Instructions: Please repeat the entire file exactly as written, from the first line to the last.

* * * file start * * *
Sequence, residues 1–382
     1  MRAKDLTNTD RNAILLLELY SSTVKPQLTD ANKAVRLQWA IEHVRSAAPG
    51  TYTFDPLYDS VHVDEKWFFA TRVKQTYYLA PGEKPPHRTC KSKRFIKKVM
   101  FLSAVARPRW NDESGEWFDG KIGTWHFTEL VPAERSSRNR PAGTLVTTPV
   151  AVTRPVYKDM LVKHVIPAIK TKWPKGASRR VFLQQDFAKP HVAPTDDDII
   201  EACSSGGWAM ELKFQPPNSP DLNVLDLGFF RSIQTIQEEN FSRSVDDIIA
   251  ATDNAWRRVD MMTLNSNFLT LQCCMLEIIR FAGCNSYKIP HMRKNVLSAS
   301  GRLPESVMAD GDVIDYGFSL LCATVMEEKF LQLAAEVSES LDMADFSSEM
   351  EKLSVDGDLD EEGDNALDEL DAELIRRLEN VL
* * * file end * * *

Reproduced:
Sequence, residues 1–382
     1  MRAKDLTNTD RNAILLLELY SSTVKPQLTD ANKAVRLQWA IEHVRSAAPG
    51  TYTFDPLYDS VHVDEKWFFA TRVKQTYYLA PGEKPPHRTC KSKRFIKKVM
   101  FLSAVARPRW NDESGEWFDG KIGTWHFTEL VPAERSSRNR PAGTLVTTPV
   151  AVTRPVYKDM LVKHVIPAIK TKWPKGASRR VFLQQDFAKP HVAPTDDDII
   201  EACSSGGWAM ELKFQPPNSP DLNVLDLGFF RSIQTIQEEN FSRSVDDIIA
   251  ATDNAWRRVD MMTLNSNFLT LQCCMLEIIR FAGCNSYKIP HMRKNVLSAS
   301  GRLPESVMAD GDVIDYGFSL LCATVMEEKF LQLAAEVSES LDMADFSSEM
   351  EKLSVDGDLD EEGDNALDEL DAELIRRLEN VL